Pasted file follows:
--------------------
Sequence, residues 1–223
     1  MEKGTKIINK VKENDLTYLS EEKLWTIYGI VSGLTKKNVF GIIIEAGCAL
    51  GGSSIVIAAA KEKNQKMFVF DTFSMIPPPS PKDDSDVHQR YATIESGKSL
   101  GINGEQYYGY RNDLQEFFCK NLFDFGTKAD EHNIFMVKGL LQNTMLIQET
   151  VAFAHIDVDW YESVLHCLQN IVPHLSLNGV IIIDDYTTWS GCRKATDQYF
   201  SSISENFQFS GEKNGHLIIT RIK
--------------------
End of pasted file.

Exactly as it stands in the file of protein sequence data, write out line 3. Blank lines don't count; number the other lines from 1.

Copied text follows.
    51  GGSSIVIAAA KEKNQKMFVF DTFSMIPPPS PKDDSDVHQR YATIESGKSL